Hungary Government and Political Parties

According to politicsezine, Hungary is bordered by seven countries – Slovakia, Ukraine, Romania, Serbia, Croatia, Slovenia and Austria. Slovakia is situated to the north of Hungary and shares a border with it that stretches for 676 kilometers. Slovakia is a landlocked country with an area of 49 035 square kilometers. It has a population of 5.4 million people and its capital city is Bratislava. Ukraine lies to the northeast of Hungary; their border spans 676 kilometers. Ukraine is the second largest country in Europe with an area of 603 528 square kilometers. It has a population of 44 million people and its capital city is Kiev. Romania borders Hungary to the east and south; their shared border measures 443 kilometers in length. Romania has an area of 238 391 square kilometers making it the ninth largest country in Europe by size. It has a population of 19 million people and its capital city is Bucharest.

Government of Hungary

According to Programingplease, Hungary is a parliamentary republic, with a multi-party system. The Prime Minister of Hungary is the head of government, and the President of Hungary is the head of state. The Prime Minister is elected by the National Assembly and serves as leader of the majority party or coalition. The President is elected by popular vote every five years, and may serve up to two consecutive terms. The government is composed of several ministries and departments, each responsible for different aspects of governance in Hungary.

The legislative branch of government in Hungary is known as the National Assembly. It consists of 199 members who are elected to four-year terms through a combination of single-member districts and proportional representation. The National Assembly passes laws and approves budgets, which are then signed by the President and become law after publication in the official gazette. In addition to its legislative responsibilities, it also elects members to various positions within the executive branch, such as ministers and deputy ministers.

The judicial branch in Hungary operates independently from any other branches within government. It includes courts at both national and local levels that adjudicate civil cases, criminal cases, labor disputes and more. Judges are appointed by Parliament for life terms until retirement age or removal from office due to misconduct or poor performance. This ensures that justice remains impartial regardless of political influences or changes in power within government.

Recent Heads of Government of Hungary

Victor Orban has been the head of government in Hungary since 2010. He is a member of the Fidesz-Hungarian Civic Alliance and was elected as the Prime Minister for a third consecutive term in April 2018. He is known for his commitment to conservative values, such as family and nation, and he is noted for his anti-immigration stance. During his tenure, he has taken steps to limit the powers of the Hungarian Constitutional Court and to reduce press freedom. Orban’s government has also implemented controversial measures regarding taxation, foreign investments, and public procurement. His policies have been criticized by some European Union officials who have accused him of undermining democracy in Hungary. The European Parliament even voted to trigger Article 7 proceedings against Hungary in September 2018 due to its perceived breaches of EU values.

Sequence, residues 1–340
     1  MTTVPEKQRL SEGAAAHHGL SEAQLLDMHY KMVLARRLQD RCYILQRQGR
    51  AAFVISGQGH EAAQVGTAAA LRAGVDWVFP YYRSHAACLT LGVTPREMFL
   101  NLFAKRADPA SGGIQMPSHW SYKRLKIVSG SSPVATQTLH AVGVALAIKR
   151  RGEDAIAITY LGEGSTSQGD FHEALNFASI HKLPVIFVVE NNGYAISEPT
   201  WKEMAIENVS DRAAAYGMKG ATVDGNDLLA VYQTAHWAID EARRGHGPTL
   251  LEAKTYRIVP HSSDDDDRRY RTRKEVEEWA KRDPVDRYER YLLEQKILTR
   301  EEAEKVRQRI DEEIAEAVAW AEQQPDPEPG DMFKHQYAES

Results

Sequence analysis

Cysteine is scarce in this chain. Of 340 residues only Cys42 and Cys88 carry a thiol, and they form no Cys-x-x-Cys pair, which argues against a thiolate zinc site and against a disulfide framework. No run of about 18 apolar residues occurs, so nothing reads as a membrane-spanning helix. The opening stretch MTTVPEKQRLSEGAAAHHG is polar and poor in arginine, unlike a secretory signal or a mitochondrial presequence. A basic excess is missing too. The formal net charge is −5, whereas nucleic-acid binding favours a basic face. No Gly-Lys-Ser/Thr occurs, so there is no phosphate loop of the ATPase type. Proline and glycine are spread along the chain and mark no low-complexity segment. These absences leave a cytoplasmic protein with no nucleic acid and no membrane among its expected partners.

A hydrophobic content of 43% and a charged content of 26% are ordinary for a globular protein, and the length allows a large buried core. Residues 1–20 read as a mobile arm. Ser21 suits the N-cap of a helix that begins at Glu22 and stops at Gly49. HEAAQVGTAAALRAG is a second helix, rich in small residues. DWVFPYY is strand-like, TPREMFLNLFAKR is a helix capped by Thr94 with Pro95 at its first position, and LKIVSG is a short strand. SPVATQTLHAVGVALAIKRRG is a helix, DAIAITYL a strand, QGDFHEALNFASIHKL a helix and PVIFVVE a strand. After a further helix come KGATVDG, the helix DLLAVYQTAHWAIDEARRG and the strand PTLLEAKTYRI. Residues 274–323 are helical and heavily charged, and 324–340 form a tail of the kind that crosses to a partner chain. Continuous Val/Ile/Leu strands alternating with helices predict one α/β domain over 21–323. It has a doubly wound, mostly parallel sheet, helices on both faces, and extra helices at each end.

Orban’s predecessor was Gordon Bajnai who served as Prime Minister from 2009-2010. He was from the Hungarian Socialist Party (MSZP) and was appointed after Ferenc Gyurcsany resigned from office due to a series of unpopular austerity measures that his government had implemented during the economic crisis. Bajnai was tasked with stabilizing the Hungarian economy through a series of reforms including cutting public spending, raising taxes, and introducing a new flat tax system. Although initially popular with some segments of society, Bajnai’s policies were met with widespread criticism by other groups who felt that they were too harsh or would not be effective in improving their economic situation. In April 2010 he announced that he would not be running for re-election so that someone else could take on the challenge of restoring Hungary’s economy.

Major Political Parties in Hungary

The two major political parties in Hungary are Fidesz and the Hungarian Socialist Party (MSZP). Fidesz is a right-wing, nationalist party that has been in power since 2010. It is led by Prime Minister Viktor Orbán and is focused on preserving traditional values, maintaining a strong national defense, and reducing immigration. The MSZP, on the other hand, is a center-left party founded in 1989 as the successor to the communist Hungarian Socialist Workers’ Party. It is led by Bertalan Tóth and focuses on social justice, economic equality, and environmental protection. The party also supports increased cooperation with other European countries.

In addition to these two major parties, there are several smaller parties that have representation in parliament. These include Jobbik (far-right), Democratic Coalition (liberal), Politics Can Be Different (green), Momentum Movement (centrist), Together Party (centrist) and Dialogue for Hungary (liberal). Each of these parties has its own distinct platform which appeals to different segments of the population. For example, Jobbik focuses on protecting Hungarian culture from foreign influences while Politics Can Be Different emphasizes environmental protection and renewable energy sources. Momentum promotes social justice initiatives such as free healthcare and education for all citizens while Dialogue for Hungary advocates for more transparent government policies.

Hungary Government

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